MP3.com CEO snubs record labels' pricing schemes

Michael Robertson criticizes the music industry for its online sales strategies, saying efforts to charge customers several dollars for digital downloads will not work.

Jim Hu Staff Writer, CNET News.com
Jim Hu
covers home broadband services and the Net's portal giants.
Jim Hu
3 min read
NEW YORK--Embattled MP3.com chief executive Michael Robertson today criticized the music industry for its online sales strategies, saying efforts to charge customers several dollars for digital downloads will not work.

In an address at a streaming media industry conference here, Robertson said that selling songs one at a time is not the way to go on the Internet. He said the industry would do better with subscription services,

Michael Robertson
CEO, MP3.com
Discussing the My.MP3.com model.
in which consumers gain access to large libraries of music for a monthly or yearly rate.

"People are not buying things for $2 each on the Internet," Robertson said during his keynote at the Streaming Media East 2000 conference. "What they will do is 'all-you-can-eat' buffets for 10 bucks, for 5 bucks, for 20 bucks."

Some analysts agree that there needs to be a new system for selling music online.

"There's no doubt that major labels are being myopic about pricing schemes," said Mark Mooradian, an analyst at Jupiter Communications. "Pricing online music the same way as physical music?will not work."

Robertson has been a leader in using new technology to distribute music and promote artists. But his innovative ideas have yet to prove themselves in the marketplace.

Robertson's comments came just days after his company settled a lawsuit with two of the "Big Five" record labels--Warner Music Group and BMG Entertainment--over copyright infringement related to its My.MP3.com service. Brought by the Recording Industry Association of America, the suit took a bad turn for the company when a federal judge sided with the recording industry in a key ruling in April.

In addition to settling the lawsuit with the two companies, MP3.com will license the record labels' music libraries for its My.MP3.com service. My.MP3.com allows people to listen to full CDs online through any computer with Web access.

When the company launched the service in January, MP3.com bought tens of thousands of CDs, created a database of MP3-encoded downloads, and offered access to people who could prove they had bought the CD by placing the disc in a computer.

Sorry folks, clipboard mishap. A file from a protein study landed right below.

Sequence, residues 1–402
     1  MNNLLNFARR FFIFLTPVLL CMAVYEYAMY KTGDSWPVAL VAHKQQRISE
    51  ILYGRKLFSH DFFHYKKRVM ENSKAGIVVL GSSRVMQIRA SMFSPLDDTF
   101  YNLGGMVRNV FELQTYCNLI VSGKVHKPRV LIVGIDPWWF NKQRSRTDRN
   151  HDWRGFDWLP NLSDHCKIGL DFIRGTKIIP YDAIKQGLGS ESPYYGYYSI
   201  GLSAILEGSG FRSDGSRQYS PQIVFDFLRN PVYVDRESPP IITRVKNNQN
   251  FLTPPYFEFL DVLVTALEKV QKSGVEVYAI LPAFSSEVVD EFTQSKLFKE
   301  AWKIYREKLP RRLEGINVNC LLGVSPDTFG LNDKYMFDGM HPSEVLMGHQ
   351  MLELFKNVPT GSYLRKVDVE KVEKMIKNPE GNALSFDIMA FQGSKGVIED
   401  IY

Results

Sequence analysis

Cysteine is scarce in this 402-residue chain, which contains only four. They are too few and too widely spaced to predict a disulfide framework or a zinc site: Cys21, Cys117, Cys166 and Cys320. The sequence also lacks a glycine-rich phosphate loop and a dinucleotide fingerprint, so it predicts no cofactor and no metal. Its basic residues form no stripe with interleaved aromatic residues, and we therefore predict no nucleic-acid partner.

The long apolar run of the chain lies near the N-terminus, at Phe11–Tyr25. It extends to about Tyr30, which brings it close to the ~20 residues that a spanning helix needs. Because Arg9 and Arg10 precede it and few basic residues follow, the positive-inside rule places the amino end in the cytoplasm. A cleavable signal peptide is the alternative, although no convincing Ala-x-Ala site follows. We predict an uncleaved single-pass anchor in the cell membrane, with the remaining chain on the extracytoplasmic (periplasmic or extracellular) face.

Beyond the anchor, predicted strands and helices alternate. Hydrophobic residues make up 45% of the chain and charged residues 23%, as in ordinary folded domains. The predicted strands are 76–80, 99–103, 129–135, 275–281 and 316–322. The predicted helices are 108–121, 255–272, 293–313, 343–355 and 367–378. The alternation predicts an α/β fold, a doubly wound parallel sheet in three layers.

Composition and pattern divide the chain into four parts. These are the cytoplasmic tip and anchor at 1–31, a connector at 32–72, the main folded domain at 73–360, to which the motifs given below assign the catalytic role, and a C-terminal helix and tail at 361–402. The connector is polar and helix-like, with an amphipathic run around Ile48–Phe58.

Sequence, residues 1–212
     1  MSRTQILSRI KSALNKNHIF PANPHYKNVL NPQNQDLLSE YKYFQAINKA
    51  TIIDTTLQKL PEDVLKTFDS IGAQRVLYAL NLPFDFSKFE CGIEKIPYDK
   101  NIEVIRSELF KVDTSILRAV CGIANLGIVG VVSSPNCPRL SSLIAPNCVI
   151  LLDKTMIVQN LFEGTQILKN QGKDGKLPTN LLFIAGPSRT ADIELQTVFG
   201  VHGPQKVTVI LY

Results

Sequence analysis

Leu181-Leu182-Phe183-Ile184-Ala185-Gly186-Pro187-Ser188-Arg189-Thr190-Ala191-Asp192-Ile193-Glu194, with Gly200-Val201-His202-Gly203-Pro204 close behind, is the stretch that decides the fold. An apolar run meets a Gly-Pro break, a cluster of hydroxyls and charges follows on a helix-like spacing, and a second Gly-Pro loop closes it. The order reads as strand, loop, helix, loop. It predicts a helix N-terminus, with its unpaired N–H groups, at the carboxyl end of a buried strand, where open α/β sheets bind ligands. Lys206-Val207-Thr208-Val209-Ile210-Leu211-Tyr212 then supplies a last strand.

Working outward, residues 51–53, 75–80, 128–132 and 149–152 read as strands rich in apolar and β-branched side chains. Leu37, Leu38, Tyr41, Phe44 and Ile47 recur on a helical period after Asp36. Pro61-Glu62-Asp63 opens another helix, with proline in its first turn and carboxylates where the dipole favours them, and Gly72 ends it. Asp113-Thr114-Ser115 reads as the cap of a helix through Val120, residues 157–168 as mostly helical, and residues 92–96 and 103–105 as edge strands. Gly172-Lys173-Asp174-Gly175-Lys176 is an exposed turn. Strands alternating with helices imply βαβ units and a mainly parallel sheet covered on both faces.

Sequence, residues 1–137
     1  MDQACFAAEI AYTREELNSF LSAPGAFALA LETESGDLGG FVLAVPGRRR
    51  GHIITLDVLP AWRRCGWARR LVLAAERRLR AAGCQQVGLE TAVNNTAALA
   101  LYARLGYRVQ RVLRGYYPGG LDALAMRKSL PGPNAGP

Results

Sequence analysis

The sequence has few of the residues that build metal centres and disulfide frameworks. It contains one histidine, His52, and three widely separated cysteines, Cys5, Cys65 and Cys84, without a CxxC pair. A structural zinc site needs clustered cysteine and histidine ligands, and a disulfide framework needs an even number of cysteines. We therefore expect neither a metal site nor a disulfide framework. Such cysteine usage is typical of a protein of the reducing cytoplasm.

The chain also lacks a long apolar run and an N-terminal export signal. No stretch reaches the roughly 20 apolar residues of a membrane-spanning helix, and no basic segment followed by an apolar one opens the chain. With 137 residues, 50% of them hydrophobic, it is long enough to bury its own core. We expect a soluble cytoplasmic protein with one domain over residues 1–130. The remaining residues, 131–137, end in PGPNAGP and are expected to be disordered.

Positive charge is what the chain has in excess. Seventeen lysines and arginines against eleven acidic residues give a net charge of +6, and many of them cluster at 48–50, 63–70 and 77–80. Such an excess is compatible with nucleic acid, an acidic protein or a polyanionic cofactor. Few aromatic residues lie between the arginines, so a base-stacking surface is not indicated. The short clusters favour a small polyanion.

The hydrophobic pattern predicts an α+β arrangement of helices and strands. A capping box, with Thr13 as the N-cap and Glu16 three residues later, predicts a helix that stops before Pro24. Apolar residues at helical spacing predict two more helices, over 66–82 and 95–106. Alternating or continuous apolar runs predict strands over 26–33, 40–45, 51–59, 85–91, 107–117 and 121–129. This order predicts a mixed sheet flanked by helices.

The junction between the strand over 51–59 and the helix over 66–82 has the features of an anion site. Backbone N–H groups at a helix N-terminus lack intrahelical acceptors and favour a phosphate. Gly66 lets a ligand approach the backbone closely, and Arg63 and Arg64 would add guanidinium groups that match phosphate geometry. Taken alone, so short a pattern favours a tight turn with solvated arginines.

Major record labels--such as Sony Music, see news analysis: MP3.com's practices stir debateUniversal Music Group and EMI Recorded Music--have inched toward offering their music libraries online. Most have outlined plans to offer access, but they are slow in opening their vaults.

In May, EMI said it would make 100 of its albums and 40 singles available for download from undisclosed online retail sites this summer. Sony Music has unveiled ways to offer its music using secure digital formats and its memory sticks. And Seagram's Universal Music said it plans to launch a secure download format that will eventually allow people to download most of the label's songs.

But attempts to rein in control of copyrighted music remain a challenge. The meteoric popularity of the Napster software has become a thorn in the side of major labels and even artists themselves. Napster allows its members to trade songs encoded in the MP3 file format over the Internet for free.

Even though the freedom of Napster has caught on like wildfire, online music fans may be warming to paying for song downloads or subscription services. A study conducted by market research firm CyberDialogue showed that 29 percent of online music users would buy albums off the Net for $10 a piece. Further, the study said nearly 11 million online music buffs would have an "interest" in paying monthly subscription fees to download their favorite songs.

While protecting copyrighted Napster wildfirematerial is important, the end result may be a turnoff for consumers, Robertson said. Eventually, the question comes down to what makes the most money for music companies, he added.

"To maximize the value of content with security, and wrapping it up around digital barbed wire, is that the way to make the most money? I'd say absolutely not," Robertson said.

He is not alone in this sentiment. Yesterday, RealNetworks chief executive Rob Glaser noted that excessive copyright protection could sometimes turn people off to Net content and possibly hurt sales. Glaser called for a "middle ground" in protecting copyrights and offering appealing services.